When the topic of prescription pill addiction is raised, the first drugs that often come to mind are pain killers and some anti-anxiety medications. Although some of the most common, these are not the only prescription medications people abuse. Other drugs, including opioids, benzodiazepines, sedatives, and stimulant drugs, also add to the number of annual prescription drug addiction cases.
In 2017, data showed more than 18 million people over the age of 12 had misused prescription medications in the last year. That equates to approximately 6% of the United States population. Of those, only a small percentage will seek or complete addiction treatment, further adding to the number of people struggling with pill addictions nationwide. Although current data is not available, it is likely safe to assume, based on historical information, these numbers have only continued to rise over the last few years.
Are Prescription Pills Addictive?
If misused, prescription drugs can be dangerous, even lethal, depending on the drug and the dose taken. It is for this reason that they are only available by prescription and after a comprehensive medical evaluation. Unfortunately, over the past decade, the volume of prescriptions written for opioids and other prescription drugs skyrocketed, resulting in a significant increase in “available” drugs outside of legal prescriptions.
Prescription medications are designed to target specific conditions; however, they also impact the body and mind in other ways. Opioids are generally considered the most addictive prescription drugs. When taken (even correctly), many of these drugs have mind-altering effects similar to those of street drugs. The effects on your brain are achieved through impacts on the neurotransmitters in the brain. Instead of sending pain or displeasure messages, the drugs block those signals resulting in feelings of euphoria and happiness over pain and displeasure.
They also cause the build-up of other chemicals in the brain, helping you feel energetic and “up.” When abused, these drugs lead to an increase in the chemicals that cause pleasure. It is easy to become addicted to the feelings these drugs provide, and without addiction treatment, it can be challenging to achieve the same feelings of pleasure and energy without the use of substances.
Commonly Abused Prescription Pills
Unfortunately, many who develop an addiction to prescription pills do so after being prescribed the medication for a legitimate reason. Also, many teens and young adults believe prescription drugs to be “safer” than other drugs because a medical professional prescribes them; therefore, they are more likely to look to those substances for use and misuse. Prescription pill abuse often occurs in four categories of drugs.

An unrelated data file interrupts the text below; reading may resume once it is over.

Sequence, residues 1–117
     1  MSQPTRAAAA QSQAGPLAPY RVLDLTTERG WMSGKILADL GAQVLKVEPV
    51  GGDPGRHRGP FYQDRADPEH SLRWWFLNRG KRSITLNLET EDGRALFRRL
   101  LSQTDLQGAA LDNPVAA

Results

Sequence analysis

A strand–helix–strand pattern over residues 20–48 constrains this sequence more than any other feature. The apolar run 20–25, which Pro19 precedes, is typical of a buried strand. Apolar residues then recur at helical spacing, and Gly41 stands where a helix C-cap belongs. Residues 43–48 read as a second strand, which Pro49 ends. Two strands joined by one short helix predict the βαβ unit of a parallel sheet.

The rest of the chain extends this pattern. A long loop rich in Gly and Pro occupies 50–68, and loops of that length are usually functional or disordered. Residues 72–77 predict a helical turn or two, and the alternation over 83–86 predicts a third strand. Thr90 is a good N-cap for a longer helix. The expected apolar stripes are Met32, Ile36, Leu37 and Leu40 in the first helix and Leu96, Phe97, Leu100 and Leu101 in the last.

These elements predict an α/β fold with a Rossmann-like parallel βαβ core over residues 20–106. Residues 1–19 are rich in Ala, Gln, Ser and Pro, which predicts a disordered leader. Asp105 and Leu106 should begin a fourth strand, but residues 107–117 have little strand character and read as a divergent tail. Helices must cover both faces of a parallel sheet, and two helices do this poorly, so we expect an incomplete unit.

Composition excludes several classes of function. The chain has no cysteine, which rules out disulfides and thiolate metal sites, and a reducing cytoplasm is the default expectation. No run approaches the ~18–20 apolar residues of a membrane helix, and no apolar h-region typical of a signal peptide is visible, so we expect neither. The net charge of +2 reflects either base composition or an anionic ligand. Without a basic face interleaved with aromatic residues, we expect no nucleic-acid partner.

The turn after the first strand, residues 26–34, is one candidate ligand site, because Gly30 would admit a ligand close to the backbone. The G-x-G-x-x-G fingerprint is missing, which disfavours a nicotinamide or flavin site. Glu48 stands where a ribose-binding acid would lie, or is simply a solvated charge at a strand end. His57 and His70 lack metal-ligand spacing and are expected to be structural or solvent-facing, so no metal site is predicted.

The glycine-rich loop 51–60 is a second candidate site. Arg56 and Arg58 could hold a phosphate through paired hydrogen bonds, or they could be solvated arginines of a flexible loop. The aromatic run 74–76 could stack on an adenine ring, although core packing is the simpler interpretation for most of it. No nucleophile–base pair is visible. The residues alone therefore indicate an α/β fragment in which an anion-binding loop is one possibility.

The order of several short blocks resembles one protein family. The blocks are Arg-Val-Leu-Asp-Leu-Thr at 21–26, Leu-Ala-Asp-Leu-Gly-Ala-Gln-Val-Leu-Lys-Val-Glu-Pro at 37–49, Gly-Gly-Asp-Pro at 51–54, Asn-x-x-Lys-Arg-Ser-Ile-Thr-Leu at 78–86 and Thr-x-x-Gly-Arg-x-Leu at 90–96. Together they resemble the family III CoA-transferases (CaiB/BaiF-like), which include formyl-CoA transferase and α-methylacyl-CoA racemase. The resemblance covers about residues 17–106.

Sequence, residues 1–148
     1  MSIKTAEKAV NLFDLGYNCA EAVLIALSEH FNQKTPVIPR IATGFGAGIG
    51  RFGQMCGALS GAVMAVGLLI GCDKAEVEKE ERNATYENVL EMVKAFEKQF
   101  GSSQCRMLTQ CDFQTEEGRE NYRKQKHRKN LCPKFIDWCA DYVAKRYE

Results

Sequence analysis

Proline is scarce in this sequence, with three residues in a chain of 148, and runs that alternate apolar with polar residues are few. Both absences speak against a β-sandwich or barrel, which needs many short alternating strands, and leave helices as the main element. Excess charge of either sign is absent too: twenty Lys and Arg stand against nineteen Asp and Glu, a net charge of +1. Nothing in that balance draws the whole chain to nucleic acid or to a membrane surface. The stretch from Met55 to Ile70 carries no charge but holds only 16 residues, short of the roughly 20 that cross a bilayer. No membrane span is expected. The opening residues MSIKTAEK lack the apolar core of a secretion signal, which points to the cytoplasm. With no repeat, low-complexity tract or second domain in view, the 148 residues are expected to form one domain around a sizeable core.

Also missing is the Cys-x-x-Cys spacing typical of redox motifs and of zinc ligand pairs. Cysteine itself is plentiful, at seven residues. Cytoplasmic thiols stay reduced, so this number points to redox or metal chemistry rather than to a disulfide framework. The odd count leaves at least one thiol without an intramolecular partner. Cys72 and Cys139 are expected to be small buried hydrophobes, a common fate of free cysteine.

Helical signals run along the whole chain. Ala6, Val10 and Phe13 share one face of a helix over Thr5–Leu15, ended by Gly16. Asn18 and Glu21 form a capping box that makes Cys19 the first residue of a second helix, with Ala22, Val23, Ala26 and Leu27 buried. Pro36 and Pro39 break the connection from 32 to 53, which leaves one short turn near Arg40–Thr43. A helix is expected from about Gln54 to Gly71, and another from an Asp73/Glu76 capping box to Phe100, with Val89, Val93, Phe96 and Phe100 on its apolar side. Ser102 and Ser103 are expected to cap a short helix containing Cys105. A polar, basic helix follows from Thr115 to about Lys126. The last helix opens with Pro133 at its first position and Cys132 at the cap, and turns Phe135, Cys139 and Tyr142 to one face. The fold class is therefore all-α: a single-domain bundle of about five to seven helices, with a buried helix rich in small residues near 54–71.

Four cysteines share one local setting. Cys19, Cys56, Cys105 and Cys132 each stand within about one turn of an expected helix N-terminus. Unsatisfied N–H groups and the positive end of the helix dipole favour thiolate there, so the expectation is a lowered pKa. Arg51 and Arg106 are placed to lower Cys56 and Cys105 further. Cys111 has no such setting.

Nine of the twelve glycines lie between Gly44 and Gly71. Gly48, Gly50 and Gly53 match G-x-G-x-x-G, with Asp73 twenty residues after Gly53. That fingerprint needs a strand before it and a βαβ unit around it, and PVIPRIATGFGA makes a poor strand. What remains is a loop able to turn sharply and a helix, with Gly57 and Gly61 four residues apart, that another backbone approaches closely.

Opioids or prescription painkillers are prescribed for the treatment of severe or chronic pain conditions. They are also among the most over prescribed medication classes. Common opioids include OxyContin, Lortab, Morphine, and Percocet.
Ritalin, a commonly prescribed stimulant, is typically prescribed to treat attention-deficit hyperactivity disorder and narcolepsy; however, it is also frequently abused due to the energizing effects it produces. Other medications similar to Ritalin include Concerta and Adderall.
Sedatives and Tranquilizers
Sedatives and tranquilizers are quite similar and generally produce the same intoxicating effects. This category includes sleeping pills, classified as sedative-hypnotics, and benzodiazepines. Benzodiazepines or “benzos” are a form of prescription sedative commonly prescribed to treat anxiety symptoms or to help with insomnia. The most frequently prescribed benzodiazepines are Xanax, Valium, Ativan, and Klonopin.
Reach Out to Relevance Recovery Today!
Relevance Recovery in Freehold, NJ, can help you defeat your prescription drug addiction. Our unique, evidence-based, comprehensive approach treats the whole person rather than just one specific issue. Through this treatment model, we can ensure treatment addresses your physical and your mental health. You can contact us anytime with any questions you may have about prescription drug addiction, substance abuse, and how to begin treatment in any of our addiction treatment programs.